Spoiler warning for Romans in Britain and Edward Bond's Lear
At the after show talk, the director Sam West, the crew and the audience were quite clear that this is an anti-war play. I wonder. There are some nice comparisons with Edward Bond's Lear, performed in Sheffield the previous year. (Lear is only loosely based on Shakespeare's King Lear.) Both occur to a constant backdrop of war, both happily kill off characters as soon as you start to identify with them, both are brutal, both feature madness. Yet Lear works. It identifies the madness of the king with war in the country; it leaves the audience two steps behind in wondering which war is being fought at any time and who is on which side. It invites the audience to see if they can tell the difference between war and insanity. Romans is a light comedy by comparison.
Both end with a seemingly futile death, which is perhaps not supposed to be futile. Lear, having regained relative sanity and lost his power, attacks the Wall (Berlin wall idea) single handedly with a sledghammer and is shot. Major Chichester 'fesses up to the IRA, after seeing the ghosts of the Saxon invasions of AD525 - the events of each period happen on the same stage around the corpses of the other. Was he just mad? Was it a ham-fisted olive branch? Was it a suicide driven by racial guilt? I found the whole episode rather pointless.
The politics of this play would certainly have been shocking in 1980, with the troubles looming large. Today, a pro-war British play would be shocking, even more than an anti-war Hollywood movie. It asks us to compare the British in Ireland to the Romans in Britain, or the Saxons in Britain - but the comparison is so feeble that a transfer to Iraq wouldn't have worked. It contains powerful representations of the inevitable brutality of occupying armies; a fair share of comedy, and a fine Julius Caesar. Is this enough to make it an anti-war play? Perhaps. Yet the suggestion is that peacetime was pretty brutal too. What did the Romans ever do for us? This question was asked, Python notwithstanding.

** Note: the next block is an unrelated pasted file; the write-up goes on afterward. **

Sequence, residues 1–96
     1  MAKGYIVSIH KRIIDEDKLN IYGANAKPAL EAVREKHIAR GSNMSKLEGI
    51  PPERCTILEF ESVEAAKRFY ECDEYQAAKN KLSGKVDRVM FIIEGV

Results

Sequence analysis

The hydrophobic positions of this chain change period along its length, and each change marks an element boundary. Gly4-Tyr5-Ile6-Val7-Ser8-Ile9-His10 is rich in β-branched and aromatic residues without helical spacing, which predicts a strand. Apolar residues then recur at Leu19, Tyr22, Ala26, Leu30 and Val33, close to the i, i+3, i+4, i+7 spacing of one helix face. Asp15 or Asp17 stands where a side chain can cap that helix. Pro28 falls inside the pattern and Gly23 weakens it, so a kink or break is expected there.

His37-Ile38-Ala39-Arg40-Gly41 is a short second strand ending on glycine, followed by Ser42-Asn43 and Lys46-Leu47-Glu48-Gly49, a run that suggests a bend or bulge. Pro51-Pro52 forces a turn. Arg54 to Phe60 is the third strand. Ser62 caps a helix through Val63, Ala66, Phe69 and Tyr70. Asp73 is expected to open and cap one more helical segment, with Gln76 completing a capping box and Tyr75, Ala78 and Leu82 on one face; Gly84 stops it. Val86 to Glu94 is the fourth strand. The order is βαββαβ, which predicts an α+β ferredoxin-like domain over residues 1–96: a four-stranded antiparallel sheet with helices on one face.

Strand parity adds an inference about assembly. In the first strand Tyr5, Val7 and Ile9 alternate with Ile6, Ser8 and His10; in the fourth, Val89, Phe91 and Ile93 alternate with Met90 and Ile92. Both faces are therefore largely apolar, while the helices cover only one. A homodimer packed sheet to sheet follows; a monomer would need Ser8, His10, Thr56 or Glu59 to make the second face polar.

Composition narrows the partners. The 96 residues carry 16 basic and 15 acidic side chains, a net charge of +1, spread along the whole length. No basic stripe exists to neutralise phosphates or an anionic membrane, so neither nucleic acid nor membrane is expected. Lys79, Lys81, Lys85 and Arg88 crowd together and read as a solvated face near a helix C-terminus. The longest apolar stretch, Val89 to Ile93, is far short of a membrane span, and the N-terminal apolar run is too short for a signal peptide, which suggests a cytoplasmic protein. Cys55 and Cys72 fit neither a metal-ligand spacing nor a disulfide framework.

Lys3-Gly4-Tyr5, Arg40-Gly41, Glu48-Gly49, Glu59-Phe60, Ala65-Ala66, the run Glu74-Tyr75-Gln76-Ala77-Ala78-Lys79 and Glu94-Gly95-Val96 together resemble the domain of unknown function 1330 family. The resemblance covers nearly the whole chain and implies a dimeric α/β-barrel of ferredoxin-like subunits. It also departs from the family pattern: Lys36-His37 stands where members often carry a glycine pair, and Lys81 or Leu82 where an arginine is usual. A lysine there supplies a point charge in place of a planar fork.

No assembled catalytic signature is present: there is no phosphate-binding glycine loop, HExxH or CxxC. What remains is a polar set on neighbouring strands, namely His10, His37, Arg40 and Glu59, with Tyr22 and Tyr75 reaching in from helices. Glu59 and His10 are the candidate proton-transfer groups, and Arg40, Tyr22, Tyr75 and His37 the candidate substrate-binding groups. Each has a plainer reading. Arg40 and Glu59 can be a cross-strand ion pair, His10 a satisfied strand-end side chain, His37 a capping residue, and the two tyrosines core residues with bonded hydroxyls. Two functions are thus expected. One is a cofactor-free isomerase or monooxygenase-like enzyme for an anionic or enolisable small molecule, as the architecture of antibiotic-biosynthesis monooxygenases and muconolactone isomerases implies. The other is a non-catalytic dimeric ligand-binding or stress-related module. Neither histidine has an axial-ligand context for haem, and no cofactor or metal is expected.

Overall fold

To be an anti-war play, it is not enough to say that war is hell. All but the neo-cons know that. Not enough to portray unsympathetically the shocking ordinariness of the troops: Roman, British or IRA. You have to say that no (or not enough) good will come of it. The wars in Lear lead the country from one tyranny to another, via bloodbaths. That's how you do it.
Tags: Romans in Britain, Edward Bond, Lear